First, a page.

Open schools, but reduce exam pressure
By Sujata Gamage and Tara de Mel
The urgency of getting children back to school at the first opportunity is accepted worldwide, but COVID-19 has also brought three other issues to the fore internationally – (1) Ethics of conducting competitive examinations when significant portions of the students have been left out of education (2) Wisdom of continuing same old education when a full return to normalcy is not in sight (3) The need for combining face-2-face and distance mode of teaching and learning as the new normal.
Meanwhile here in Sri Lanka, our Ministry of Education goes about as if it is business as usual. Dates for exams are scheduled, postponed, and rescheduled. There seems to be no intention of seeking alternatives to the “covering the syllabus to prepare children for exams” approach to education.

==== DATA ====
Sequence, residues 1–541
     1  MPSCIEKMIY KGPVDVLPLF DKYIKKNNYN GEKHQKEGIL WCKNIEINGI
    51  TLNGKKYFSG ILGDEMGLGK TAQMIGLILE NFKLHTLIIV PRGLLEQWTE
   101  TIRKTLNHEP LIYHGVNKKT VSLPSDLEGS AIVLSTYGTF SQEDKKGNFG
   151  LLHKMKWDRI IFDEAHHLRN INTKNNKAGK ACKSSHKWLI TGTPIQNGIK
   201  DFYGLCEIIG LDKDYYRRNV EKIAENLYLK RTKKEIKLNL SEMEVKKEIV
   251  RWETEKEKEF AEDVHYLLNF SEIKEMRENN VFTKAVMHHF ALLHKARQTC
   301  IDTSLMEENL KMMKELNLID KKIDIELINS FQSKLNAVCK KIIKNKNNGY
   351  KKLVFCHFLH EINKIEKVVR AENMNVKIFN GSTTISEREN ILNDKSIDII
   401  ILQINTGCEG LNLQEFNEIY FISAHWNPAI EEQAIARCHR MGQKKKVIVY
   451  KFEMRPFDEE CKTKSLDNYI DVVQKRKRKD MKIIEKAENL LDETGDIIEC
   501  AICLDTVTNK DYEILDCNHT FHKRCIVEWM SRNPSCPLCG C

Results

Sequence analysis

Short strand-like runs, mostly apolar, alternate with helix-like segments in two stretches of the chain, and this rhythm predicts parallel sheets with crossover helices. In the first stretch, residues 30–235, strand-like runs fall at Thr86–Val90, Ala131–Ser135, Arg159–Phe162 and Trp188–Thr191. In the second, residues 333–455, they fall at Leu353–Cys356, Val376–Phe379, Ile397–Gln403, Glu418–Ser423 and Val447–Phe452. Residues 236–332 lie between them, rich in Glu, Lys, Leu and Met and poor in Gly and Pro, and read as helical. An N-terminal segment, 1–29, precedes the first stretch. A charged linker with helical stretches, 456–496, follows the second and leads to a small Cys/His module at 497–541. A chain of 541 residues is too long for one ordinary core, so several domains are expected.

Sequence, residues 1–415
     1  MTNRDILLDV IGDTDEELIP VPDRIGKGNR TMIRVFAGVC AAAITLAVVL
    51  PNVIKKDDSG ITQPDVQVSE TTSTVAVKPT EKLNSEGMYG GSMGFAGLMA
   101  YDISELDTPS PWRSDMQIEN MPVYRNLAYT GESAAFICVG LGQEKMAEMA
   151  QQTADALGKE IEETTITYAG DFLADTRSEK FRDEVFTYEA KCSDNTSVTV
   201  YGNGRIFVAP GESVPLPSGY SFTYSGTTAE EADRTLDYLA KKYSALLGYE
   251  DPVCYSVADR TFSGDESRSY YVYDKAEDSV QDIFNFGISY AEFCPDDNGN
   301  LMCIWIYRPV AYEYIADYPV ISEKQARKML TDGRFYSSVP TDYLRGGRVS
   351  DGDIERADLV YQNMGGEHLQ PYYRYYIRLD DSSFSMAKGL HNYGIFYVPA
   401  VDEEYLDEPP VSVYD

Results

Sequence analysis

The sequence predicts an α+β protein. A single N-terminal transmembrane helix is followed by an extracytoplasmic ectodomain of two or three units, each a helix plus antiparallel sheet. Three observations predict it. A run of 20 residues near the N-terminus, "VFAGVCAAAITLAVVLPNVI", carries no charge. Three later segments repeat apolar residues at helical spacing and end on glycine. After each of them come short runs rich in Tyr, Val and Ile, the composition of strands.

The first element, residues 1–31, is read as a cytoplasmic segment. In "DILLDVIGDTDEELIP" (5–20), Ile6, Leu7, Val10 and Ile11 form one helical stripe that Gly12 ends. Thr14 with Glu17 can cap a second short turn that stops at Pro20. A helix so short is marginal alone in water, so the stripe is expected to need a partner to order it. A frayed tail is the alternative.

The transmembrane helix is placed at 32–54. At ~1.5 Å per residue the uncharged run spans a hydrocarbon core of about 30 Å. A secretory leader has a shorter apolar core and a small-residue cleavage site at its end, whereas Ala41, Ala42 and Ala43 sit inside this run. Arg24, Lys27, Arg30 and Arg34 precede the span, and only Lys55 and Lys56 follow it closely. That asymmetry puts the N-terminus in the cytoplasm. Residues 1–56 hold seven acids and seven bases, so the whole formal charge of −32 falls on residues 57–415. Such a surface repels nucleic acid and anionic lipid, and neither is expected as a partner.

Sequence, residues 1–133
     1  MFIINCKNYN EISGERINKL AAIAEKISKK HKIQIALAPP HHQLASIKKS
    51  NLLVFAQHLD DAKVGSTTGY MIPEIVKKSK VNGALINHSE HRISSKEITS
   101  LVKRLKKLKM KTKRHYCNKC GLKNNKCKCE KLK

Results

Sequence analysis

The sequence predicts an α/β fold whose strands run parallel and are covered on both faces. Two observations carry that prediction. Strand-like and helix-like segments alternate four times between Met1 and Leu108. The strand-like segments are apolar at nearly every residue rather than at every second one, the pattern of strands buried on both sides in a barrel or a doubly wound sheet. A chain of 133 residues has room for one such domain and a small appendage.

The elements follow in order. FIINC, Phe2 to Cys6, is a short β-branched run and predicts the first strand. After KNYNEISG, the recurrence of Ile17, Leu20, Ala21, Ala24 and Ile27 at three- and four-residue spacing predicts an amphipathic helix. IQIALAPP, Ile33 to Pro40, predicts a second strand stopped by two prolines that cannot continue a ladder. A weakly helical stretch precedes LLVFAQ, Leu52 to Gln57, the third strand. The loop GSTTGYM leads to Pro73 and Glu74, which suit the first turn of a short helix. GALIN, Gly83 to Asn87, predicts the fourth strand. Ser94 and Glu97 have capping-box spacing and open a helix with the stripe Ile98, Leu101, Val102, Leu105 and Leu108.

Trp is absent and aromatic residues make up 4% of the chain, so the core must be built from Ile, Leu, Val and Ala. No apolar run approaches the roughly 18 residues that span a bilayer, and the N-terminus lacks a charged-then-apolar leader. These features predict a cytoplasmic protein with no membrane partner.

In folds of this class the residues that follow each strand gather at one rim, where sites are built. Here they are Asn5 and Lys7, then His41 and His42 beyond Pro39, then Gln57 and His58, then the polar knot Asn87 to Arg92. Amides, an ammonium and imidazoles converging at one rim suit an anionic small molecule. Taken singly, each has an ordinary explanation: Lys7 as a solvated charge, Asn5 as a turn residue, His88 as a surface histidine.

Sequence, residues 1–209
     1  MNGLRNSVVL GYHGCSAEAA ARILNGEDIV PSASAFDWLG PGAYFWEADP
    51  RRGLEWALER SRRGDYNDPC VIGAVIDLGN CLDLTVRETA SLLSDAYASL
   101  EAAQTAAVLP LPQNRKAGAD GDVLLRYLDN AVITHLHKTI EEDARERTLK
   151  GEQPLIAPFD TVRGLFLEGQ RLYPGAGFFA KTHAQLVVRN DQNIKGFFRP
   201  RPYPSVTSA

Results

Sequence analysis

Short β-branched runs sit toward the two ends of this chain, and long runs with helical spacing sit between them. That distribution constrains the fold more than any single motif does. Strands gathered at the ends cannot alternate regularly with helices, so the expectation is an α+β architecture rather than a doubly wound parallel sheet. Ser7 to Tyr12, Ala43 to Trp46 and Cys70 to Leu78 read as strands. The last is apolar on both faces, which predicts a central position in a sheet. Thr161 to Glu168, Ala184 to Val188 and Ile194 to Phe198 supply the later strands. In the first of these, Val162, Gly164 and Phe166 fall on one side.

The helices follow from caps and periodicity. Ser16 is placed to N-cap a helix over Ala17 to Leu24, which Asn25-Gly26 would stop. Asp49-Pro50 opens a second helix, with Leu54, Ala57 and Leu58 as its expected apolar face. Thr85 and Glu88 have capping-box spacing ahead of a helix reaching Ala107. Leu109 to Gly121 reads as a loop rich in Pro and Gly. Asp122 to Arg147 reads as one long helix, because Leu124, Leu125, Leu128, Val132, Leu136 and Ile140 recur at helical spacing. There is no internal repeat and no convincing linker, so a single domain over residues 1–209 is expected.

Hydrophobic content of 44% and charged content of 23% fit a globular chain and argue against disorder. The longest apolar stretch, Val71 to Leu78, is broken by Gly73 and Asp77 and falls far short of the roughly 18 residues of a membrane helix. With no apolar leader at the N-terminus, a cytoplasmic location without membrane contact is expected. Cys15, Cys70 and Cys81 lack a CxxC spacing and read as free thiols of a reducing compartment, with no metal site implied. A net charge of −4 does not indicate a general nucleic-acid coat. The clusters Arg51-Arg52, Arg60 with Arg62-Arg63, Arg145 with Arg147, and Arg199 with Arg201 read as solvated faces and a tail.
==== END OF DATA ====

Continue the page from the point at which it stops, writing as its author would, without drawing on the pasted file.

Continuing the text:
While we appreciate the government’s initiatives in the health front to reopen schools, we cannot be happy about the pedagogical aspects. Covering 20 months of missed work in distance mode or even in reopened schools is simply not possible, but examination pressures leave teachers with no other choice. The ministry should not continue to act like the proverbial ostrich anymore. It must reduce the examination pressures on students and teachers after consulting a broad spectrum of stakeholders.
Our own work has revealed that Sri Lanka’s school curricula are overloaded with content and teachers feed the same for regurgitation by children at term-tests three times a year and three national tests at Grade 5, 1, and 13.